Tomorrow commemorates the 20th anniversary of the Plainfield, Illinois, tornado. It is the only F-5 intensity tornado ever to occur in the month of August and it struck without warning. Because of the lack of warning, 29 people died and 353 were injured even though it occurred in mid-afternoon.
Why was there no warning? There were a number of factors but the most important was the geographic separation between the radar in Marsailles, IL and the warning meteorologists in Rosemont. The image above is from the Marsailles radar while the giant tornado was on the ground. The (likely) hook echo is not seen in this image because it is in the ground clutter (I have outlined the likely shape of the tornadic thunderstorm in pink below).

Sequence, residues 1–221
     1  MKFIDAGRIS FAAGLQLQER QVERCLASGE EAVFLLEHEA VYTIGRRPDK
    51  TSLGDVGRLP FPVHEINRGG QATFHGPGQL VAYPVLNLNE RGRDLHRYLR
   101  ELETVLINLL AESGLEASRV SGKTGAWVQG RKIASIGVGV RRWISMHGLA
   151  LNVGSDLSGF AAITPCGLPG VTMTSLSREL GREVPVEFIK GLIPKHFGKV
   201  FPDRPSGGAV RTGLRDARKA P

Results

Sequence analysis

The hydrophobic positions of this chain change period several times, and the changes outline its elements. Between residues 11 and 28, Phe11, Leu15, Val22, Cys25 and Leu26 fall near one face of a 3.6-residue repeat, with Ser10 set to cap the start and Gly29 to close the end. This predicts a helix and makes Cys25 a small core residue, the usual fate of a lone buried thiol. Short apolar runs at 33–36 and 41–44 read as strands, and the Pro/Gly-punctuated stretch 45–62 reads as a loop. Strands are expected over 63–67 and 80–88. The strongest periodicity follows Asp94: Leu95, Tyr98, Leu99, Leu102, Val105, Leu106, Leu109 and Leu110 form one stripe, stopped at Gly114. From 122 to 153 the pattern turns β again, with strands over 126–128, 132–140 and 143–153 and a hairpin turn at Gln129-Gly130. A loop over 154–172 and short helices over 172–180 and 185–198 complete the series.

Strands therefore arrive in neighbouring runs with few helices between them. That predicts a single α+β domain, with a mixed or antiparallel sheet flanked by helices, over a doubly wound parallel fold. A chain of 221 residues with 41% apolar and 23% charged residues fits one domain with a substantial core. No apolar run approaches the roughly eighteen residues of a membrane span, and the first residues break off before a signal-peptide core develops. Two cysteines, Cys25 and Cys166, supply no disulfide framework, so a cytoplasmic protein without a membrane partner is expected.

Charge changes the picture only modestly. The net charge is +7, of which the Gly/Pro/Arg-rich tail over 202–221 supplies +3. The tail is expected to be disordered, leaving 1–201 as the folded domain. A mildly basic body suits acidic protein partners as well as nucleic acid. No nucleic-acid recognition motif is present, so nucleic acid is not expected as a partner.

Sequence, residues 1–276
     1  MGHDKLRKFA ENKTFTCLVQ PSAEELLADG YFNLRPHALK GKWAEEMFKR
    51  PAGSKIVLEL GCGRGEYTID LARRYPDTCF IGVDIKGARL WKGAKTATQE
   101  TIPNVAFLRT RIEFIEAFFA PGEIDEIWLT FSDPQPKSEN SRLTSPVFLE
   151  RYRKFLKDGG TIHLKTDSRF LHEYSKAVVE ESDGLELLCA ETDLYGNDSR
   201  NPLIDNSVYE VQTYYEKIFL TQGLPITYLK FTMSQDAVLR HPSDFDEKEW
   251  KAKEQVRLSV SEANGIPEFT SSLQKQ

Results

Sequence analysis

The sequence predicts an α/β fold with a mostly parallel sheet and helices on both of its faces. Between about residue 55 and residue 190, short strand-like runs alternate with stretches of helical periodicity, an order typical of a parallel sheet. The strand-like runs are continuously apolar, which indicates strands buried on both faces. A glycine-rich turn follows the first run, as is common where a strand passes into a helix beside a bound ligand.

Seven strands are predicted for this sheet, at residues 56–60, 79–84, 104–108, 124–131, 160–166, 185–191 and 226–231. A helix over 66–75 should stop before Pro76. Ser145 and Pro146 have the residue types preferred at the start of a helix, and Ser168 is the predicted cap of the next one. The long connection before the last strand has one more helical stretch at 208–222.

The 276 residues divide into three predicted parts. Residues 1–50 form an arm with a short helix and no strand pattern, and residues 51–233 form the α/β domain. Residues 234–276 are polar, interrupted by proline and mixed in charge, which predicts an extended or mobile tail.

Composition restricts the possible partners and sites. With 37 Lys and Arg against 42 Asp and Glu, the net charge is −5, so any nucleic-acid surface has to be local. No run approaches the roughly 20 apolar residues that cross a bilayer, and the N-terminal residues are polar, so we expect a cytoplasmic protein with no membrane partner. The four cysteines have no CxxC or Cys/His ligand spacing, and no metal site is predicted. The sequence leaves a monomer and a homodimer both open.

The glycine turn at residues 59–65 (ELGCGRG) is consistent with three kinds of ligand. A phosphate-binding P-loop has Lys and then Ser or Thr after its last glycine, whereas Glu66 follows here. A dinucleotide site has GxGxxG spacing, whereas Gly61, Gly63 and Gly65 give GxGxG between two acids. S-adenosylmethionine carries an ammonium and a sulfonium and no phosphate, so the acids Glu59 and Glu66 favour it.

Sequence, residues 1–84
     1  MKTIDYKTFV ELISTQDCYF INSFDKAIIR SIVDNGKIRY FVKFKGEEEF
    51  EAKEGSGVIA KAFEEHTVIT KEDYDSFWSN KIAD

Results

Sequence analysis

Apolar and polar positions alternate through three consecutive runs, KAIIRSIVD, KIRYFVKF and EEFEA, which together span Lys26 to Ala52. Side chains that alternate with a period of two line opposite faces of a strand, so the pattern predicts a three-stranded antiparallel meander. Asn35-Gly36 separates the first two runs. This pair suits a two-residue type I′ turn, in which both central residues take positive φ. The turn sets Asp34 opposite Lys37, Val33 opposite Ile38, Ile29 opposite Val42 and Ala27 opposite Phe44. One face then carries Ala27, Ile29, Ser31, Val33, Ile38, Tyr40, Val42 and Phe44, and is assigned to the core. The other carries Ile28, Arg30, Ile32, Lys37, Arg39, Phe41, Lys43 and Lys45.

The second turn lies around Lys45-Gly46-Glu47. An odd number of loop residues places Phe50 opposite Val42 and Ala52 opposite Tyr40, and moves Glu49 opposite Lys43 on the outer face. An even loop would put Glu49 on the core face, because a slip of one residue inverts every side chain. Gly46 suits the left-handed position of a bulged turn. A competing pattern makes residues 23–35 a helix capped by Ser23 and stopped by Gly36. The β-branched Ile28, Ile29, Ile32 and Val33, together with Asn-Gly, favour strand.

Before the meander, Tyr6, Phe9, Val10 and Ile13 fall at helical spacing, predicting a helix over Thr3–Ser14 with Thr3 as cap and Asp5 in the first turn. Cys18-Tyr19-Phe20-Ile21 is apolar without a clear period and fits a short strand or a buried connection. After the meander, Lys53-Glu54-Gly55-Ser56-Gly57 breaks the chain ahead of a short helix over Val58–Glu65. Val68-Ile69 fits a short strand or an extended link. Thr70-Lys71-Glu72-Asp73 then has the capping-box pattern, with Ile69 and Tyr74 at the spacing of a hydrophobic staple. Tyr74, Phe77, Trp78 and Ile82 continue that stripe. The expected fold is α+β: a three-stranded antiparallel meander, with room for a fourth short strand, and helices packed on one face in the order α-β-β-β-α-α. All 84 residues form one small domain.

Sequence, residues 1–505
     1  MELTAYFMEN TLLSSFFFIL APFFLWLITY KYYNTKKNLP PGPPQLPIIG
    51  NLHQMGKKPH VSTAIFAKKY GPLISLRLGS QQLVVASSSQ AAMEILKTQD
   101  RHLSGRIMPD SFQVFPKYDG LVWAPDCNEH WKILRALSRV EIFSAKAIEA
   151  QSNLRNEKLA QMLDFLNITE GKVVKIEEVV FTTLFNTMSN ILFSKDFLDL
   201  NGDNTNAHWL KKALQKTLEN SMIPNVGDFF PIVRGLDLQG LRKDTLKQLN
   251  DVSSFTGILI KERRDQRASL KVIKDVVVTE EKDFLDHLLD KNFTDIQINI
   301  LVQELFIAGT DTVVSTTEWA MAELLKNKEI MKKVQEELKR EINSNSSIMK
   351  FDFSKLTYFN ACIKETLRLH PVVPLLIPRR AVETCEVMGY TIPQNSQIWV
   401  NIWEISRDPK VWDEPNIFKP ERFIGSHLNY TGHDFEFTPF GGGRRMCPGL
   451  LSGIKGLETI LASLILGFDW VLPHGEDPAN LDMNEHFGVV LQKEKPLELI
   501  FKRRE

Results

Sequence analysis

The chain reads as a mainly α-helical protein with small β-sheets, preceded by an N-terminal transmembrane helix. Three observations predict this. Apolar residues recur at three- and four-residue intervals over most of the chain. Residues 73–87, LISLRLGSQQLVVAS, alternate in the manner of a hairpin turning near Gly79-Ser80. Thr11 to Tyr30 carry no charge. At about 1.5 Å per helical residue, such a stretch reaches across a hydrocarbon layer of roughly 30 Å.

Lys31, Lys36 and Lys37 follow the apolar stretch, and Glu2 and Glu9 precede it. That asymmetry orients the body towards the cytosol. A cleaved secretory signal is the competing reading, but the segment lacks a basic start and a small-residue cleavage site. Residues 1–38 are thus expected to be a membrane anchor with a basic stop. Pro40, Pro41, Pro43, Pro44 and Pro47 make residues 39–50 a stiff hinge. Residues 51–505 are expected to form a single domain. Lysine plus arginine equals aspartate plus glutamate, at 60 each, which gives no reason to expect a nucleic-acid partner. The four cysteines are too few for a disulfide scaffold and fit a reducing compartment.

The radar “technician” in Marsailles did not know to tilt the antenna up to a higher angle to eliminate the clutter and make the potential tornado visible. Because the meteorologists in Chicago could not see the hook and because there were no spotter reports of a tornado, they didn’t issue a warning. A later investigation indicated that some law enforcement agencies knew about the tornado but didn’t report it to the NWS because they assumed the NWS already knew.
After this and other fiascos (Big Thompson Canyon, Delta 191) with a large loss of life due in part to the separation of the radar and warning responsibility, the National Weather Service underwent a reorganization in the mid-1990′s the eliminated this problem. I tell this story in detail in Warnings: The True Story of How Science Tamed the Weather.
The image below, from the NWS in Chicago, shows the telltale brown grass caused by the high winds and scouring in a major tornado.